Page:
# GMAT Math : Permutations and Combinations – Part 1

This is our part 1 on tricky GMAT permutation and combination questions and how to solve them efficiently

John has to form a management team from 10 candidates. He can choose to include any number of members from the candidates all the way from 0 to 10. If 0 candidates are chosen, John is the sole member in the management team. Each candidate has a unique skill and their inclusion in the management team would change the nature of the management team. How many different management teams can John form?

A. 11

B. 1024

C. 1280

D. 1640

E. None of the above

Solution:

We may be tempted to say John can form 11 management teams (i.e., with 0 candidates chosen, 1 candidate chosen,.10 candidates chosen).

However, the question throws a twist saying each candidate has a unique skill – i.e., if John chooses only 1 candidate – he can choose 10 types of candidates – and hence 10 different types of management teams.

Hence, the solution we are after is :

Total management teams possible = (# of choosing 0 candidates) + (# of ways of choosing 1 candidate) + (# of ways of choosing 2 candidates) + … + (# of ways of choosing 10 candidates)

Total management teams possible = 10C0 + 10C1 + 10C2 + 10C3 + 10C4 + 10C5 …+ 10C10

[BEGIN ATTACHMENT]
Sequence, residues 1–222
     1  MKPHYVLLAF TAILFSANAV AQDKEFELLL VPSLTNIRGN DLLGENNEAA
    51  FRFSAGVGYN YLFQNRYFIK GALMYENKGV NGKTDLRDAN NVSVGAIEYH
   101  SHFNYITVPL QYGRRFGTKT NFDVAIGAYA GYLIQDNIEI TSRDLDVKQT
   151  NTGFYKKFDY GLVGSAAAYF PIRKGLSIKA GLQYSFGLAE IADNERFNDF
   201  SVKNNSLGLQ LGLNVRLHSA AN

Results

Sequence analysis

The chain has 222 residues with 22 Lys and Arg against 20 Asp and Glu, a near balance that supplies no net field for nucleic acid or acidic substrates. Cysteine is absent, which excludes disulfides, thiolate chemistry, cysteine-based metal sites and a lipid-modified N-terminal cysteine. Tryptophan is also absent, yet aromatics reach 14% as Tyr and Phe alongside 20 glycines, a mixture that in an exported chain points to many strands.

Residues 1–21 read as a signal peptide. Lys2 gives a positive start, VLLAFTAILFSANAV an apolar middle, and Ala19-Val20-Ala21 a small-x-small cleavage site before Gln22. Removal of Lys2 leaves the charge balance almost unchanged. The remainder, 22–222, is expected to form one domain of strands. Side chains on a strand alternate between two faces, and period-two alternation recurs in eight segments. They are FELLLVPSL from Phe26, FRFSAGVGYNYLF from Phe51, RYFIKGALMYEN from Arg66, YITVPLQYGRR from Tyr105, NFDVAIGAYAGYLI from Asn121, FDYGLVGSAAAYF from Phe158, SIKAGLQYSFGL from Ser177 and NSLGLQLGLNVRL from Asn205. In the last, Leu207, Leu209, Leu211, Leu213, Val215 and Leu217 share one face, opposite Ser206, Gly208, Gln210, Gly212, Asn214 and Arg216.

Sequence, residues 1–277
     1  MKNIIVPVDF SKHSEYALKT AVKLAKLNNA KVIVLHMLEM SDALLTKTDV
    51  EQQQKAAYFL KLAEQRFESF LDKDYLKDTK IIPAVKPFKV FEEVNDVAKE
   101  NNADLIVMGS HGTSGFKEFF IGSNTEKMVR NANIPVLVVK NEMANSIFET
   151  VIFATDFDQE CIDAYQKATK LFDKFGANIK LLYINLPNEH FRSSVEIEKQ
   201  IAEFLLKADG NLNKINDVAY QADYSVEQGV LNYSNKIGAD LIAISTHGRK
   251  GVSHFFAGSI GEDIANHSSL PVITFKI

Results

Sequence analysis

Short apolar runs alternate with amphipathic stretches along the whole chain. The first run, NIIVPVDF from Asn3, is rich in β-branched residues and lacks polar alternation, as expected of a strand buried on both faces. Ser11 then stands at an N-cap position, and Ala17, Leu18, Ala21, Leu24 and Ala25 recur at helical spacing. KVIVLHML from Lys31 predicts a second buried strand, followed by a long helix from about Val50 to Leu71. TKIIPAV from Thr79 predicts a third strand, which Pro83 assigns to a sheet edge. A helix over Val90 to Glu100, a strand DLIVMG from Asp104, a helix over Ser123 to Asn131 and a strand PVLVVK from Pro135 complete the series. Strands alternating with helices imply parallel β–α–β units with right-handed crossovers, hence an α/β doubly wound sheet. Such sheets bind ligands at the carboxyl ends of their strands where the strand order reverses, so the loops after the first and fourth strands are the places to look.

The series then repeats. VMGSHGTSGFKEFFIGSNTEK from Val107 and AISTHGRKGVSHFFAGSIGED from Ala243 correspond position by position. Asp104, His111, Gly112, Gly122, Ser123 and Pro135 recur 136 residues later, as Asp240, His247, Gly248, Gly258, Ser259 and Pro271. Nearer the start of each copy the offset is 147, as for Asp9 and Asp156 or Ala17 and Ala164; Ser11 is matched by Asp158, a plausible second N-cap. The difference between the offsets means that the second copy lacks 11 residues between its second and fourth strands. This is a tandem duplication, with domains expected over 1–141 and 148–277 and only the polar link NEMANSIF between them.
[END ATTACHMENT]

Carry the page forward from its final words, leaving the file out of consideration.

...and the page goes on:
Now,  nCr = (n!)/(r!(n-r)!)… we know this from basics of permutations and combinations

Using the above formula to compute 10C0 + 10C1 + 10C2 + 10C3 + 10C4 + 10C5 …+ 10C10 is going to be a nightmare J

Trick : nC0 + nC1 + nC2 + nC3 + nC4 + nC5 …+ nCn = 2n

So, the solution is 210 = 1024

We go with option (B)

Why does this formula work?

Imagine the 10 candidates standing in a line and you could go from left to right and while passing each candidate – either decide yes or no. Yes means they are included and no means not.

yes yes yes yes yes yes yes no yes yes is a possibility. And so are :

yes yes yes no no yes yes no yes yes

yes no no no no yes yes no yes yes

…. many others….

# of overall possibilities = 2 (can be yes or no) x 2 x 2 ….x 2 (10 times) = 210

If we generalize this, then for n candidates/items, we are left with :

nC0 + nC1 + nC2 + nC3 + nC4 + nC5 …+ nCn = 2n

This is quite a powerful formula and worth remembering.

Another example of a question :

John is making a cake for his sister’s birthday. He has a box of 7 ingredients – he has to use at least 1 ingredient and can choose as many ingredients as he wants. How many different combinations of ingredients can he use for the cake?